BOCA RATON, FLA. — On June 22, 2004, Rudolph W. Giuliani made a bold promise in the fight against terrorism.
The former New York mayor told reporters that his newest business venture, called Bio-ONE, would swiftly eliminate deadly anthrax from a tabloid newspaper office. The site still stood padlocked, more than 2 1/2 years after the worst biological terrorism attack in U.S. history.
"You will see me walk through those doors," pledged Giuliani, who is now seeking the Republican presidential nomination.
But Giuliani never entered the building.
Health authorities did not lift the quarantine until February 2007 -- long after Bio-ONE had quit the cleanup in a dispute over how to disinfect photos of Bigfoot and other tabloid targets. A rival company was hired to finish the job.
The episode left local officials disappointed.
"I figured the home of the National Enquirer was going to be the home of a national hero," said Steven Abrams, Boca Raton's mayor. "That obviously didn't happen."
The case marks a little-known setback in Giuliani's high-powered business career. He has earned tens of millions of dollars over the last six years from speeches, investments and business deals. But he also has foundered at times, despite his political firepower.
Now his once-promising White House bid is in trouble. After near-bottom rankings in every electoral contest so far, Giuliani is staking his candidacy on Tuesday's Florida primary. His campaign probably cannot survive a loss here.
Giuliani's celebrity as a leader who rallied New York after Sept. 11 has been key to both his past business success and his current political ambitions.
In 2001, his last year in office, Giuliani claimed a net worth of about $1 million. In 2006, according to campaign records he filed last summer, he reported more than $17 million in income and about $50 million in stocks, business interests, real estate and other assets.
He earned $11.4 million that year giving speeches to trade conferences, business associations, schools and other groups. He delivered hundreds of such speeches over the last six years, including at least 30 overseas, charging fees of $100,000 to $300,000 each.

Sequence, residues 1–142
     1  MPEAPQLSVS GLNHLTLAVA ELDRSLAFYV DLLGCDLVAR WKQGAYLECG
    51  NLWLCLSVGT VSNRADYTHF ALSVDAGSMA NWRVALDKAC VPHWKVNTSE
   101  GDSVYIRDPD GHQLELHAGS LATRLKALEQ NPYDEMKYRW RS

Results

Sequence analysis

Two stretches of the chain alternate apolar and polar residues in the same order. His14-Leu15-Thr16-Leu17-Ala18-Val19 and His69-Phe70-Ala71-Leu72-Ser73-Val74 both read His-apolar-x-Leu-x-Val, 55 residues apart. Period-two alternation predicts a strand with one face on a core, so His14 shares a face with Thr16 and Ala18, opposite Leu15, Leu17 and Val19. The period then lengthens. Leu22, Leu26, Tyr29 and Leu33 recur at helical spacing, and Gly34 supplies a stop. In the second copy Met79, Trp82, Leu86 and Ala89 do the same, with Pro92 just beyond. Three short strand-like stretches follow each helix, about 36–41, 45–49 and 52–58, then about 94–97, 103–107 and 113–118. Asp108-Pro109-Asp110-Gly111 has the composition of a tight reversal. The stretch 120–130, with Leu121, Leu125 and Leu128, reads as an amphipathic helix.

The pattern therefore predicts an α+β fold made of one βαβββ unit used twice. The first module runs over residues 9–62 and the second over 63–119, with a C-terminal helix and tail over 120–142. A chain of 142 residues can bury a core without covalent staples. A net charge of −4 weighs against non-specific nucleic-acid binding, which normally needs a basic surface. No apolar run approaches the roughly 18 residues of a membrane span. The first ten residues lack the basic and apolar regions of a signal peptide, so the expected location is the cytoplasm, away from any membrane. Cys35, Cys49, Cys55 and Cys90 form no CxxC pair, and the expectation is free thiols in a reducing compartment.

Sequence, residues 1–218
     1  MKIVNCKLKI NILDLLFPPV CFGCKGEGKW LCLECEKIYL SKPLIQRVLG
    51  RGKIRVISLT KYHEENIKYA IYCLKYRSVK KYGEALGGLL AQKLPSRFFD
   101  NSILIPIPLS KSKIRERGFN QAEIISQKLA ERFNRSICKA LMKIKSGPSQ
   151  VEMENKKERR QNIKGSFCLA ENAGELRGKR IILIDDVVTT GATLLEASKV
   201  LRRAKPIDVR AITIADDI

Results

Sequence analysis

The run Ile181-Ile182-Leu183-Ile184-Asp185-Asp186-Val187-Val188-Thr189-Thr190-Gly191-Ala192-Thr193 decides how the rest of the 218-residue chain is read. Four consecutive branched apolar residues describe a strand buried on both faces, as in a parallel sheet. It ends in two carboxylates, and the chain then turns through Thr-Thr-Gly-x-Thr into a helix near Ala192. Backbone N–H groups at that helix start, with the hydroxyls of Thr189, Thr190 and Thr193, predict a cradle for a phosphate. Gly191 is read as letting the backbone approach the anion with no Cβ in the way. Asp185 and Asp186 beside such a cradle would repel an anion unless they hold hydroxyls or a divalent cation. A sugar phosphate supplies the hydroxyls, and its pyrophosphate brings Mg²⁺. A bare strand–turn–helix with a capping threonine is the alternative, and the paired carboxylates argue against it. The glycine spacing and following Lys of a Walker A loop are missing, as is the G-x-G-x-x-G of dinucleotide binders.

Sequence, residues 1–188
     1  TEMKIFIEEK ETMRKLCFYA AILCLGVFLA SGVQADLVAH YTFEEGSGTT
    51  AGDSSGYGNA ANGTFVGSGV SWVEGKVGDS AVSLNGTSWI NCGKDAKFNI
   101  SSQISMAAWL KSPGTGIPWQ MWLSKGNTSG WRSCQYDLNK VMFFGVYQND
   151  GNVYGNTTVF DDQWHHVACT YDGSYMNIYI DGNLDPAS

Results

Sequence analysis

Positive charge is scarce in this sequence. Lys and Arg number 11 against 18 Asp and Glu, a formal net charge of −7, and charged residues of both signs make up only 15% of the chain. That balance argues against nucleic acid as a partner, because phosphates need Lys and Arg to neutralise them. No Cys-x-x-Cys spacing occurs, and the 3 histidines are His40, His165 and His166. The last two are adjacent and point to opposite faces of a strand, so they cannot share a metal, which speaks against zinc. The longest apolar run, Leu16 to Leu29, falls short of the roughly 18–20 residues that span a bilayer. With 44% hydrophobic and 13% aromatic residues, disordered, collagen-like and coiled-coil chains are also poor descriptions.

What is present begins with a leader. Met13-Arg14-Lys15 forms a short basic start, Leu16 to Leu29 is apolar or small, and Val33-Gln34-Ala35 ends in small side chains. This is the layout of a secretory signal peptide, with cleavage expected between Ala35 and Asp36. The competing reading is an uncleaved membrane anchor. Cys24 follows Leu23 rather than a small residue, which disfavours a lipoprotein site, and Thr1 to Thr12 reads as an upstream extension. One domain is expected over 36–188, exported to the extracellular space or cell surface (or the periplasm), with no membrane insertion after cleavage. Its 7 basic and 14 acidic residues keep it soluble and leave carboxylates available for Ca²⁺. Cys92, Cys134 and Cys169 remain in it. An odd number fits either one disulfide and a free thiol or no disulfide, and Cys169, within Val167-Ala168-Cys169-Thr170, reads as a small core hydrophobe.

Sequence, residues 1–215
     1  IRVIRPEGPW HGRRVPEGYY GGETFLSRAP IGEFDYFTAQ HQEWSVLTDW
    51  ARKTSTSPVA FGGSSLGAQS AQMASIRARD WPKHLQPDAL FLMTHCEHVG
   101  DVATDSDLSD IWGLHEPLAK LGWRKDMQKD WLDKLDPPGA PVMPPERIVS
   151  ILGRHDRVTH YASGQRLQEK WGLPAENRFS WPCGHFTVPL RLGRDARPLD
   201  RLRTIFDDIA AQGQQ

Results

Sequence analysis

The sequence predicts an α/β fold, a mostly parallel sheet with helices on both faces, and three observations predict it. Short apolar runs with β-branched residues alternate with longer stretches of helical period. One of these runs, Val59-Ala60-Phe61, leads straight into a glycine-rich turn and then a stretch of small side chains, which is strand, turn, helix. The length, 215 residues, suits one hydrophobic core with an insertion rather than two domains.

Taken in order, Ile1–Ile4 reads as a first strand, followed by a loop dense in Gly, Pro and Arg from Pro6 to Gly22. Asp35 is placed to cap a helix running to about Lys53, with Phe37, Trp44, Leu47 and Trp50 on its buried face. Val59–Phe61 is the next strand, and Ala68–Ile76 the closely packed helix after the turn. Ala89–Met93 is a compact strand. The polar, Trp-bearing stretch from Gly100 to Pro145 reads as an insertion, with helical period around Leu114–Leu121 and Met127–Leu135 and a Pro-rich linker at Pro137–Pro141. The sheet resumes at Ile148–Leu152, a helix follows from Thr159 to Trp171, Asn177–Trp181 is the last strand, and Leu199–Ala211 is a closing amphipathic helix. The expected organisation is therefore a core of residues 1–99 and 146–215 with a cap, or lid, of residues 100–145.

The topic rarely varied. As the keynote speaker for the Cosmetic, Toiletry and Fragrance Assn.'s annual meeting in Boca Raton in March 2005, Giuliani focused on "leadership during crises," especially his own role during New York's "darkest hour," according to the group.
Giuliani also capitalized on his fame by heading Giuliani Partners, a management consulting group he founded with former aides. Based in New York, the boutique firm reportedly has earned more than $100 million with contracts to help clients improve corporate governance, financial planning and crisis management.
But progress came in fits and starts.
Giuliani and his team bought and later sold an investment banking unit that saw a sharp drop in revenue the first year. Another subsidiary, set up to focus on safety and security, lost clients after the director, Bernard B. Kerik, was forced in 2004 to withdraw from consideration as secretary of Homeland Security. Kerik, who served as police commissioner under Giuliani, is awaiting trial on federal charges of fraud and tax evasion.
The Giuliani group's first client, Purdue Pharma, showed the limits of his celebrity.
Purdue Pharma produced OxyContin, the nation's No. 1 prescription painkiller. Abuse of the narcotic analgesic, known on the street as hillbilly heroin, had exploded to nightmare levels. The U.S. Drug Enforcement Administration director declared that OxyContin had caused or contributed to 465 deaths in two years.
In May 2002, Michael Friedman, Purdue Pharma's chief operating officer, called Giuliani "uniquely qualified" to save his company's battered reputation.
"The management experience, law enforcement background, leadership and integrity of Giuliani Partners and its CEO Rudolph W. Giuliani are tremendous assets to our company," Friedman said in a press release still posted on the Giuliani Partners website.
Over the next two years, Giuliani appealed to members of Congress, federal and state prosecutors, and the head of the DEA to keep OxyContin on the market while seeking ways to curb prescription abuse. After the DEA documented theft at Purdue Pharma's manufacturing plants, Giuliani Partners sought to improve security and record-keeping.
"We believe that government officials are more comfortable knowing that Giuliani is advising Purdue Pharma," Howard Udell, the company's chief lawyer, said in a statement issued by Giuliani Partners.
But John L. Brownlee, the U.S. attorney in western Virginia, made plans in 2006 to indict Purdue Pharma and three of its top executives -- including Friedman and Udell -- for misleading the public about OxyContin's dangers. Giuliani met or spoke by phone with Brownlee six times to argue for his client, according to the prosecutor's office.